Difference between revisions of "Bertha Benz Memorial Route"
Revision as of 02:11, 15 September 2010
In 1886 Dr. Carl Benz invented the automobile in Mannheim/Germany (Reich Patent No. 37435) - but nobody wanted to buy it.
But when Bertha Benz, his wife, went with her 13- and 15-year-old sons on a long-distance trip from Mannheim to Pforzheim and back in 1888 - without her husband's knowledge - to prove that the horseless coach was absolutely suitable for daily use, it became a huge success with almost a billion drivers worldwide today!
This probably most important marketing activity of all times was on the verge of sinking into oblivion. So Frauke and Edgar Meyer started a private non-profit-initiative in 2007 to commemorate Bertha's pioneer deed by signposting the original route she had taken in 1888. Bertha Benz Memorial Route has become an official German tourist route in 2008 and a member of ERIH (European Route of Industrial Heritage) in 2009.
Edgar and Frauke are inviting you to join them on an exciting trip into the past, and at the same time to visit Baden, the land of wine and enjoyment smiled upon by the sun.
Mannheim is one of the most important trainstops in Germany with numerous ICE-train-connections. Cars can be rented at the major train stations.
By car or bike
Mannheim and Heidelberg, both situated in the Rhine Valley, can be reached via several highways, in Germany called "Autobahn". Though there is no general speed-limit, please drive carefully! And remember: The little spot in your rear-view mirror can become a limousine of 2 tons within only a few seconds!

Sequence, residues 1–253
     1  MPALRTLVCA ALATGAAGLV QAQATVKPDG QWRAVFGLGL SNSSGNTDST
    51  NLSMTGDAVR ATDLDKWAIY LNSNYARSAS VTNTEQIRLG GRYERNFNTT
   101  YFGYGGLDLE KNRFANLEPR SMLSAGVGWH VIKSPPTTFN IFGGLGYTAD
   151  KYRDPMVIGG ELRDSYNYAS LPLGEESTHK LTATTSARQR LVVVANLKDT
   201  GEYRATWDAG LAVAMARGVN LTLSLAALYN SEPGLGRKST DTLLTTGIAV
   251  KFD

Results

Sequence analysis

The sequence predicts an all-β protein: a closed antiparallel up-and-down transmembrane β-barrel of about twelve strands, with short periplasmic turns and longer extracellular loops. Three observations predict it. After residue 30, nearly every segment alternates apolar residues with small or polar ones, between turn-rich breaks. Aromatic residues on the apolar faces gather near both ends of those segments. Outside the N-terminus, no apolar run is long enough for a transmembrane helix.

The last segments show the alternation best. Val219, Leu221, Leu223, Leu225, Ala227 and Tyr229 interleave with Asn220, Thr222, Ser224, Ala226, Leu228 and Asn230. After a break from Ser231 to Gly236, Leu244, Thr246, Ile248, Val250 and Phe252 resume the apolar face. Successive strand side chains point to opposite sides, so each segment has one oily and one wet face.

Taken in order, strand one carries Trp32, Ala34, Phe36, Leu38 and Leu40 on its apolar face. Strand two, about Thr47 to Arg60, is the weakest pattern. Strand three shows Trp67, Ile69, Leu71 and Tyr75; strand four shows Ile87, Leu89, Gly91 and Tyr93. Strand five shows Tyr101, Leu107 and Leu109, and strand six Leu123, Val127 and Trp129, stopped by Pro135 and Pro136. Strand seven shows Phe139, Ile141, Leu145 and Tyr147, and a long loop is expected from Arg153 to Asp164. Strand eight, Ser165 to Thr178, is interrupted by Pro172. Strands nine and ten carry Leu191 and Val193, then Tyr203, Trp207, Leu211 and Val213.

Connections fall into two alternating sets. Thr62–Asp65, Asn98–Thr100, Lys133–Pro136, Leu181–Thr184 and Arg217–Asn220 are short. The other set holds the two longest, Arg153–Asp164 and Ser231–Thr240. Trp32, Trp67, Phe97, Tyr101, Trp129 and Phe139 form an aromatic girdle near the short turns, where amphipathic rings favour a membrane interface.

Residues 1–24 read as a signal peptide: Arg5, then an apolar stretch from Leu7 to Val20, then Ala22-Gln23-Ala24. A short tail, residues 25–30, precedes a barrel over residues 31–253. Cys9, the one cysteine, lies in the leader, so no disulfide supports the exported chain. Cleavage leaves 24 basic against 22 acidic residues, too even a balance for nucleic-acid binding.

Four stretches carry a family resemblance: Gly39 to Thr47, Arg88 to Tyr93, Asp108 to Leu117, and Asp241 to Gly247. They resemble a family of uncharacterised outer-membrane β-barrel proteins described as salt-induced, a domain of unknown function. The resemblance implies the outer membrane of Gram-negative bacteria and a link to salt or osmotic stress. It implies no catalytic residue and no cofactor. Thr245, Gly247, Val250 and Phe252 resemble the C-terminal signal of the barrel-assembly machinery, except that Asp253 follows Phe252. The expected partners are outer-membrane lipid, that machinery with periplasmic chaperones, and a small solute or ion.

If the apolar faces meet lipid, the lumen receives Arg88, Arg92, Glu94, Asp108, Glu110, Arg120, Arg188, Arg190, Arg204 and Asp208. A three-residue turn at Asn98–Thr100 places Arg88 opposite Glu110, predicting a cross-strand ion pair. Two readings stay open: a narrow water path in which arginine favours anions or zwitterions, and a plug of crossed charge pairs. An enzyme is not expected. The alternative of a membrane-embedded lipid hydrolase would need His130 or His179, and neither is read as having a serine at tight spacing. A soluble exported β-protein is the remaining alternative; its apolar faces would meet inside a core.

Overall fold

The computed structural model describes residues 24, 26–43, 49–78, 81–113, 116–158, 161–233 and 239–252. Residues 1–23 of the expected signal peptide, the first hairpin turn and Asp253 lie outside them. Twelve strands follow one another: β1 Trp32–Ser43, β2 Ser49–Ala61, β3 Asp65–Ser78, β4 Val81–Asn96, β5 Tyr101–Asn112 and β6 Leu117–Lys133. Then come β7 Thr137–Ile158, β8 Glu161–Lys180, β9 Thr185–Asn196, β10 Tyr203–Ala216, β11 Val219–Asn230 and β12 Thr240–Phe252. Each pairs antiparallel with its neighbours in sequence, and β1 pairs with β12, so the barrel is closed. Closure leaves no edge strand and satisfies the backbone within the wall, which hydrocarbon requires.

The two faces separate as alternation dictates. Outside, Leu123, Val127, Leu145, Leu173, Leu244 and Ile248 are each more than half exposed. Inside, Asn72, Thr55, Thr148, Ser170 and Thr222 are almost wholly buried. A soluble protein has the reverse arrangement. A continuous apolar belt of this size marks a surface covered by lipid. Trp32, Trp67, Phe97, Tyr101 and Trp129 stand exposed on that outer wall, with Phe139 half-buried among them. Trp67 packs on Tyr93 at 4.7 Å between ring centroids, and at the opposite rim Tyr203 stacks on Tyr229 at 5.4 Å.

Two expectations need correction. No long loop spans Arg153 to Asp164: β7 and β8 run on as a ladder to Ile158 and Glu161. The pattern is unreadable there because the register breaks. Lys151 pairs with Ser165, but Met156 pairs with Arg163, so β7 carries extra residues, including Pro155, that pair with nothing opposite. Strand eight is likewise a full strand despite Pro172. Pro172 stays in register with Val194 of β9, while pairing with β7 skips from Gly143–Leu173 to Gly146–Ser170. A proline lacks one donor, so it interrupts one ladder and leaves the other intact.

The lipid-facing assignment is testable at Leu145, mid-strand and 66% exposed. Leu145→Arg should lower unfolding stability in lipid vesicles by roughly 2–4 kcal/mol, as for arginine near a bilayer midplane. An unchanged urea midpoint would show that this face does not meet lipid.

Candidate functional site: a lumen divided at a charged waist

The authentic route taken by Bertha Benz not only links almost forgotten original sites she passed on her way, it also leads to one of the most attractive scenic regions in Germany, the wine region Baden.
This route of industrial heritage of mankind follows several Roman roads in the area of the Upper Rhine Plain, for example the Bergstraße (Mountain Road), it leads along the foot of the Odenwald mountains and the Kraichgau, and shortly before reaching Karlsruhe it branches off into the Pfinztal valley leading to Pforzheim, the entrance to the Black Forest.
As Bertha was afraid of some steep mountains, the return trip follows an alternative route and finally leads along the river Rhine to reach Mannheim again.
Mannheim to Pforzheim, approx. 104 km (64 miles), southbound (S):
Pforzheim to Mannheim, approx. 90 km (56 miles), northbound (N):